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Why we need resilience now more than ever

Our director of partnerships, James Goodman, introduces a new report focused on understanding what a resilient Britain could look  like and what we need to do to get there.

COVID-19 has sent massive shockwaves through our systems. Our already struggling healthcare service has been forced to rise to enormous new challenges, whilst food and energy production and distribution, how we care for our elderly and vulnerable, how we manufacture and distribute goods, and even how we govern and make decisions have all been called into question. 2020 has highlighted a severe lack of resilience within our society.

Many of our national systems have almost toppled at different points in the year, and the ramifications of this turbulence in everyday terms – such as employment, health and people’s individual wellbeing – on top of the still-present threat of the virus itself are still playing out.

With all this said, the crisis could have been worse. Who knows what would have happened if individuals hadn’t come together with their communities to coordinate and support the most vulnerable in our society?

Sustainable resilience is about so much more than being shockproof.

We know from discussions with Big Local partnerships across the country that individuals have played an enormous role in local resilience throughout the crisis. It has been communities that have stepped in to prevent food systems from breaking down, kept up distribution of medical supplies, made sure people were being looked after, and kept their neighbourhoods connected and informed.

It is clear from this current vantage point of (relative) calm that the communities were able to do this vital work to keep each other supported in the face of such total shock to our systems because they had access to:

  • resources
  • connections
  • people
  • local knowledge.

But, sustainable resilience is about so much more than being shockproof. It’s about building slack into our systems; about ensuring that they have the capacity to respond, change and evolve in the face of ever-shifting circumstances.

It is worth drawing a comparison with natural ecosystems; after all, ecosystems are by necessity, and almost definition, ‘resilient’. Their purpose is to survive and provide the conditions for individuals to thrive and perpetuate their gene pool. Resilient ecosystems are rich with biodiversity. Species are interdependent in a complex web of relationships; they are dynamic and responsive. ‘Decision making’ is completely distributed – which is to say, there is no centralised hierarchy sending out instructions, but of course, this comparison can only take us so far.

Suffice it to say that over the course of hundreds of millions of years of evolution, nature has successfully avoided producing anything quite so brittle, fragile and exposed to shocks as the systems we have created to guarantee our essentials for life (food, healthcare, governance, and so on) in Britain.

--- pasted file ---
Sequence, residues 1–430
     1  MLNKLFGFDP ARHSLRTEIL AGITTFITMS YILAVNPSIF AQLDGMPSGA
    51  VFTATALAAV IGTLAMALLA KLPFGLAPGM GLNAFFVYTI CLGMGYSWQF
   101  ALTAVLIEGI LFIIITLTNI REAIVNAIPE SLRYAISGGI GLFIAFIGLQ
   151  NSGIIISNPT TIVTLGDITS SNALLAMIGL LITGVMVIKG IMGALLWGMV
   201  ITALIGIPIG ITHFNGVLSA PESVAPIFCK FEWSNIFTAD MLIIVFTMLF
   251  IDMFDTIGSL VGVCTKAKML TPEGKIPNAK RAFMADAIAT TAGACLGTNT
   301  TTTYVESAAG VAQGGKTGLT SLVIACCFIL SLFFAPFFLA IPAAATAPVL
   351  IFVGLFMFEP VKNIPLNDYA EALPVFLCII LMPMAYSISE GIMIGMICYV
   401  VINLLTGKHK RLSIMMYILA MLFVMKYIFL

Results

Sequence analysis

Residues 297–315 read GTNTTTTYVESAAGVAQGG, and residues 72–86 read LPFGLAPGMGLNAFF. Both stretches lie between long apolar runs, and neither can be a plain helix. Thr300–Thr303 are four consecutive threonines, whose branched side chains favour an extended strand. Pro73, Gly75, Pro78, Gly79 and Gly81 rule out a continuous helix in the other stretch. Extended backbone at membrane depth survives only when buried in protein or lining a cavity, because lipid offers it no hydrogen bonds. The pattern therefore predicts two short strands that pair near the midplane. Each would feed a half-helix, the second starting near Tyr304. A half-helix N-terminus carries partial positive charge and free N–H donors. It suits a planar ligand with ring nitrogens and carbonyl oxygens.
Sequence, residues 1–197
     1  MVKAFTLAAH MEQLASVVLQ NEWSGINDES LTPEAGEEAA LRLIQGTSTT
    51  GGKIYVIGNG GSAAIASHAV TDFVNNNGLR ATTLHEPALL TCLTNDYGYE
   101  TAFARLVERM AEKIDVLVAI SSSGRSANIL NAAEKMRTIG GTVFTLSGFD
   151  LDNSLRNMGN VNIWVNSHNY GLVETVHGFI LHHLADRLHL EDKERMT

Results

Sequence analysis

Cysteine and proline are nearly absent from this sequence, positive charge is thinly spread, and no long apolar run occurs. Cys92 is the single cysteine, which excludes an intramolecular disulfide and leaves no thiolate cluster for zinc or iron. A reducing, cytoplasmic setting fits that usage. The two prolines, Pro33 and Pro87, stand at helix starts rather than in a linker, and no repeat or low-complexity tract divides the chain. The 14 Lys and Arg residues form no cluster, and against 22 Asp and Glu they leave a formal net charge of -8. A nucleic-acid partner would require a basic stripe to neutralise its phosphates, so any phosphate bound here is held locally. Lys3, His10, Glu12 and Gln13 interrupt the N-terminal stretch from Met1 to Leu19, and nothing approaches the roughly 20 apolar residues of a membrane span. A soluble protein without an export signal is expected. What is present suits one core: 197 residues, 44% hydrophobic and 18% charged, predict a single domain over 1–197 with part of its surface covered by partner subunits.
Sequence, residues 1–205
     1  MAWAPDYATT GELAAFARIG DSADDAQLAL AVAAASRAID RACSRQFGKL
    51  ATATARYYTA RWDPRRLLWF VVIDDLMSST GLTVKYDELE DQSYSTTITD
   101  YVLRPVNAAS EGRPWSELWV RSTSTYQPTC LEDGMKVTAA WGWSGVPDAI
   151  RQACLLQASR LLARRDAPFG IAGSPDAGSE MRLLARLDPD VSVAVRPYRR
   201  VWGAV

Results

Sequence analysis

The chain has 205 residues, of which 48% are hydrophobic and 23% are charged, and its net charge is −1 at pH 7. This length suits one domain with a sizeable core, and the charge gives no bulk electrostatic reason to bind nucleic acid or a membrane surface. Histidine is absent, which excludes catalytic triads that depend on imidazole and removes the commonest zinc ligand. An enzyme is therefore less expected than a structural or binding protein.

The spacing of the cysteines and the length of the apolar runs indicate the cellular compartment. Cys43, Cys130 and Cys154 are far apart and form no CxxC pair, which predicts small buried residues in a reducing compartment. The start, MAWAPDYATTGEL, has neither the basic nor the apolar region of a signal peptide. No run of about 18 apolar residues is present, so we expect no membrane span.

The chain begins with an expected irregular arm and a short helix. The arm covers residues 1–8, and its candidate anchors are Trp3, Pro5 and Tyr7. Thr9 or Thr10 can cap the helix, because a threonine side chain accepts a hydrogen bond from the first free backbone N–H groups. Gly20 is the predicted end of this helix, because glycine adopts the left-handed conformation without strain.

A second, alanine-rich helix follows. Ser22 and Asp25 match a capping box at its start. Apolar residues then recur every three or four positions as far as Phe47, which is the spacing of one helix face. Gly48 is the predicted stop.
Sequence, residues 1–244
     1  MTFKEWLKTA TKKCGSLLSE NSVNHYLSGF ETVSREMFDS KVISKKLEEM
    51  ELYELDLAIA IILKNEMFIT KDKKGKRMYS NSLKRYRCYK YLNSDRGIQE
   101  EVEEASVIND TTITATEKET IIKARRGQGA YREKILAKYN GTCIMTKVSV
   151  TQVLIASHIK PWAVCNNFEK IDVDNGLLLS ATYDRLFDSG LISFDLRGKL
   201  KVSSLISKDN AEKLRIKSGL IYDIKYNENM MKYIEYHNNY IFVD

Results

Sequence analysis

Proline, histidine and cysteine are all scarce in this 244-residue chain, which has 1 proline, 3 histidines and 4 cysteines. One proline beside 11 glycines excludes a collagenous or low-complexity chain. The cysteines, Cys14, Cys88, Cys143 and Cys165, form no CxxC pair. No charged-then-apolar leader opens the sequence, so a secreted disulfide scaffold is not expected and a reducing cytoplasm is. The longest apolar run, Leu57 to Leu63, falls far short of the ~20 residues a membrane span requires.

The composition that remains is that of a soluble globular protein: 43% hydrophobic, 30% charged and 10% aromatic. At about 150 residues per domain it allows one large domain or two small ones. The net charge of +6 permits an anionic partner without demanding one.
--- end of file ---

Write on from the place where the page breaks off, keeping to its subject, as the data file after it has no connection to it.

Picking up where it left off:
The incredible response from communities around Britain to the myriad crises of 2020 has shown that responsibility needs to be distributed if resilience is going to be possible.

Our new report with New Local Government Network (NLGN), Towards resilience: Redesigning our systems for a better future, explores the concept of resilience by kicking off a wider conversation about how it can be achieved. It identifies five domains in which many of these interrelated systems work together, and suggests the need to focus our attention there to produce and maintain resilience. The domains are:

  • Economic resilience
  • Public sector resilience
  • Community resilience
  • Environmental resilience
  • Workforce resilience

The report demonstrates that whilst the pandemic has shown that we urgently need to reconfigure in each of these domains so we can weather the storms that face us in the future, it also provides hope that our society and economy has the ability to evolve and change.

Any transformation of the scale and depth that real resilience demands isn’t just about making lots of small changes and it cannot be directed by or from the centre. The incredible response from communities around Britain to the myriad crises of 2020 has shown that responsibility needs to be distributed if resilience is going to be possible.

This is why, over the coming months we will be exploring what a shift towards this kind of resilience could actually look like, working with a range of different organisations, individuals and actors with different roles and perspectives on what resilience means and looks like for them. Throughout, we will be asking what the role of communities is, and how central and local authorities can support them.

We will be starting this process with a wider discussion on resilience and reflections on the questions this report poses. We’ll then be looking to link up with specialist people and organisations with a stake and interest in resilience across different sectors to better understand what is needed to create an overall more resilient Britain. For more information and to find out about future events take a look at #TowardsResilience

Read the report

What do we mean by ‘resilience’?

Resilience is a simple concept. It refers to the ability of a system to withstand disruption and recover within a reasonable period of time. It is a product of attributes such as flexibility, resourcefulness, responsiveness and diversity.

In the context of public policy, it tends to refer to approaches that attempt to deal with issues holistically and at their root, rather than just addressing symptoms. As such, in this paper, we use it to refer to a drive to redesign and regenerate our systems and infrastructure so that we can create a better future. It does not mean working out ways to buttress things that already exist but are failing and unsustainable.